b) Regulation of timber trade – this involves the determination of how sustainably produced the timber being exported are, which may vary among Parties to the Paris Agreement and now rules may be arrived at on how to give preferential treatment among those who are Parties to the Paris Agreement;
c) Standards and labeling – this involves determination of embodied carbon in products that will then be given preferable trade treatment under the rules of the World Trade Organization;
d) Border carbon adjustments or border taxes – these are taxes that are imposed on products from countries will less stringent climate policies, of which the US will surely become one as it is now out of the Paris Agreement; EU and China will only be too happy to impose these taxes on US export products given how lousy environmental regulations will now be under the Trump administration;
e) Renewable energy subsidies – these are the support given by governments to their renewable energy sector which may be subject to rules on subsidies under the WTO;
f) Fossil fuel subsidy reform – this is similar to the subsidies given to renewable energy above but this time it may be given to phase out the over-all national consumption of fossil fuels, similar to what the Duterte Administration is doing now in its Comprehensive Tax Reform Package in Congress where the prices of diesel are taxed in order to discourage its consumption;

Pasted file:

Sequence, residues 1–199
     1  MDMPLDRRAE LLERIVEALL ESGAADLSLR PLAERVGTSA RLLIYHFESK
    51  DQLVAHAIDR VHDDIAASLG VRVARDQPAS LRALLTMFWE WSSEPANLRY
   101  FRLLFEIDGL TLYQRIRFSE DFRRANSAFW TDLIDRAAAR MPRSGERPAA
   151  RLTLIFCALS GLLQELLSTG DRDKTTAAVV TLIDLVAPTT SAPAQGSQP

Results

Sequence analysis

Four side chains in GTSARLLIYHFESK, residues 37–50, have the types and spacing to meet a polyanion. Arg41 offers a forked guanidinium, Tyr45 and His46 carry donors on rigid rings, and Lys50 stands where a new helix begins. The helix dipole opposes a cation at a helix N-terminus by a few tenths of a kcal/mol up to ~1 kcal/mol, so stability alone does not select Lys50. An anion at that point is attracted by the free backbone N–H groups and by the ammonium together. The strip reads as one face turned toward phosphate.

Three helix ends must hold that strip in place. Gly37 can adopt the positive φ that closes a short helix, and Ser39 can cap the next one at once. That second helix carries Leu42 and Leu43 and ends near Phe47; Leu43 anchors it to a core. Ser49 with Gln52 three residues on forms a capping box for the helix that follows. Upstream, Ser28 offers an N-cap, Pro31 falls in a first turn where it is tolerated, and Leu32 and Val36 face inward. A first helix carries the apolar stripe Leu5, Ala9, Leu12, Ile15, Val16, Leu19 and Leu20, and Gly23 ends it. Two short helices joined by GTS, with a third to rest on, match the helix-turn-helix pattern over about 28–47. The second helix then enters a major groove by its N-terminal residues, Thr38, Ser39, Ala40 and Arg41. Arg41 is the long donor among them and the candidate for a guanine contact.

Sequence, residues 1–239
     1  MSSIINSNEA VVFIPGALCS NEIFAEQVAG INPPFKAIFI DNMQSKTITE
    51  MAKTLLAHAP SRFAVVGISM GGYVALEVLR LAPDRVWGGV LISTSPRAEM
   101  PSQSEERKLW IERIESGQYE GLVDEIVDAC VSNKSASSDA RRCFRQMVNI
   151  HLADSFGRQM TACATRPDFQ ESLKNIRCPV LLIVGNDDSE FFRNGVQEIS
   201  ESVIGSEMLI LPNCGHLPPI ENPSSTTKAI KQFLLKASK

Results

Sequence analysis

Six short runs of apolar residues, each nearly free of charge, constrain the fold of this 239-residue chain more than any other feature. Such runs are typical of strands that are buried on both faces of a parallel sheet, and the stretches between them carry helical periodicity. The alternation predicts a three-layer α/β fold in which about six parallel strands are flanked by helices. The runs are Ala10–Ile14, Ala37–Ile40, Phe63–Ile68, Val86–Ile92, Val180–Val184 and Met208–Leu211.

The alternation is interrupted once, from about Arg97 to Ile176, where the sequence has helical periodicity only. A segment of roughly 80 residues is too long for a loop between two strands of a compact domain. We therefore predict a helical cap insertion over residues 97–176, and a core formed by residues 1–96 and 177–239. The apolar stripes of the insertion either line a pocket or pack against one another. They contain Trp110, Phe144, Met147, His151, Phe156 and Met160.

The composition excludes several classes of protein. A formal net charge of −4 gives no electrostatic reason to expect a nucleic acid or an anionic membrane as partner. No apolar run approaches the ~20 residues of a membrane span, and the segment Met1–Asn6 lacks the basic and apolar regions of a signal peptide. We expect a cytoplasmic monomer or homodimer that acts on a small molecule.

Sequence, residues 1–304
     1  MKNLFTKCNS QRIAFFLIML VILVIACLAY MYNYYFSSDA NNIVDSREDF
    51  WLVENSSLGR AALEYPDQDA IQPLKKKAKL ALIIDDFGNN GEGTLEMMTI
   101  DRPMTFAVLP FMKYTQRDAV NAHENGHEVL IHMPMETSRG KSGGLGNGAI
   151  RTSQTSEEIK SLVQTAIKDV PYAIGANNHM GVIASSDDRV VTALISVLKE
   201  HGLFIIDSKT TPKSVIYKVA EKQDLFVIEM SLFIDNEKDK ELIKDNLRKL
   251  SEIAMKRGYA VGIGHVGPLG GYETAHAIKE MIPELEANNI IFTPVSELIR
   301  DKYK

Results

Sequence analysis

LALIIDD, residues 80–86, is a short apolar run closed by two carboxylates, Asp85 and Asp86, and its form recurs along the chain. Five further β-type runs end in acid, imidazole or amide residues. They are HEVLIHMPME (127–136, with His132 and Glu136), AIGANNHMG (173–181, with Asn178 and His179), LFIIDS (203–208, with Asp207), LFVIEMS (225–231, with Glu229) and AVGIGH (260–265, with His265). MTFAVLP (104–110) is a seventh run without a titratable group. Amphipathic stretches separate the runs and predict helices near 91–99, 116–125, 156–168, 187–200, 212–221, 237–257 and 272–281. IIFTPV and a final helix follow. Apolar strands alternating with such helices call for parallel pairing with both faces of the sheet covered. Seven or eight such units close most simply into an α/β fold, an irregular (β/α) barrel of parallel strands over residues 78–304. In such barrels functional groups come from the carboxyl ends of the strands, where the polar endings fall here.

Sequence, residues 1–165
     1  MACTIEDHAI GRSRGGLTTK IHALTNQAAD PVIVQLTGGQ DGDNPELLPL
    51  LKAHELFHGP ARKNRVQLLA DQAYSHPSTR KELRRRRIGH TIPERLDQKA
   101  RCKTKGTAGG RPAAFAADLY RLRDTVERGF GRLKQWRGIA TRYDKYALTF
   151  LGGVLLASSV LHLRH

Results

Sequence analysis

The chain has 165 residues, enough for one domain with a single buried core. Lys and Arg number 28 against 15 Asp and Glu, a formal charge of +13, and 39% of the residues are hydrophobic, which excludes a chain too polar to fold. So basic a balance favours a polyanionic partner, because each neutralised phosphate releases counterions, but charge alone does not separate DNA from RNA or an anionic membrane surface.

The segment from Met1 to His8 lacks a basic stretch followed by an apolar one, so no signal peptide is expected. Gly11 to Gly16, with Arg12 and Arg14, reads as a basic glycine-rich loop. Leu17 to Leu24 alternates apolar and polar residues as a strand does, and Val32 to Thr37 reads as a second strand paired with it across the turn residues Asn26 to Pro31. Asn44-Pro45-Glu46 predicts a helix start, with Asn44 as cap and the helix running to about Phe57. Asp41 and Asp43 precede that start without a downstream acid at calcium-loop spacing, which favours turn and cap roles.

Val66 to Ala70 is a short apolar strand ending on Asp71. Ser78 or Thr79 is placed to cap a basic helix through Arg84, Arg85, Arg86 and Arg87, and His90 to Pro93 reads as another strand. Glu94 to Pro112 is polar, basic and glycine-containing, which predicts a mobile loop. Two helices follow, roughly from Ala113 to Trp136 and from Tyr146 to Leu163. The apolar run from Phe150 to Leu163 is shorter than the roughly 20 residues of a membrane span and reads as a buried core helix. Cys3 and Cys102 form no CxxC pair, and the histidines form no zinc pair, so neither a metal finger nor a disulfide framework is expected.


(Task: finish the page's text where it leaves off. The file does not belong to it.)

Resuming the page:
g) International market mechanisms – these are the carbon trading arrangements that are still being discussed at the moment inside the UNFCCC but may now be expanded under the Paris Agreement in various iterations;
h) International technology transfer including intellectual property rights – this involves rules on how developing countries may gain access to patented technologies, either by relaxing the rules on how the patents may apply on these technologies, or by giving interested countries some subsidies so these technologies may be used and applied in developing country markets;
i) Response measures – these are the totality of actions a country trying to implement climate change mitigation and adaptation policies will have to do including the wholesale transformation of a country’s entire energy grid or substituting its food supply which are mainly producing export commodities to one that more or less approximates its sustainable agriculture goals.
3) The governance architecture of the Paris Agreement will effectively exclude the US now that is has to evolve to give increasing roles to sub-national entities including non-state actors like corporations, to offset the emissions gap that will not now be fulfilled by the US
Professors Charles F. Sabel and David G. Victor talked about experimentalist governance which underpins the mechanism behind the Paris Agreement, where various ways are attempted to find the best way of achieving bottom-up international policy-making.
With various US states like California and cities like New York, including giant TNCs like Apple, Google, General Electric and Walt Disney committing to act to address climate change, various mechanisms will have to be developed within the Paris Agreement, including perhaps its amendment in due time, to enable these entities to let its efforts on climate change mitigation and adaptation count. This will need to be a long-term and sustained effort and with the entire world demanding action on climate change, Trump’s deplorable decision the past few days may just become a footnote of history in the long term.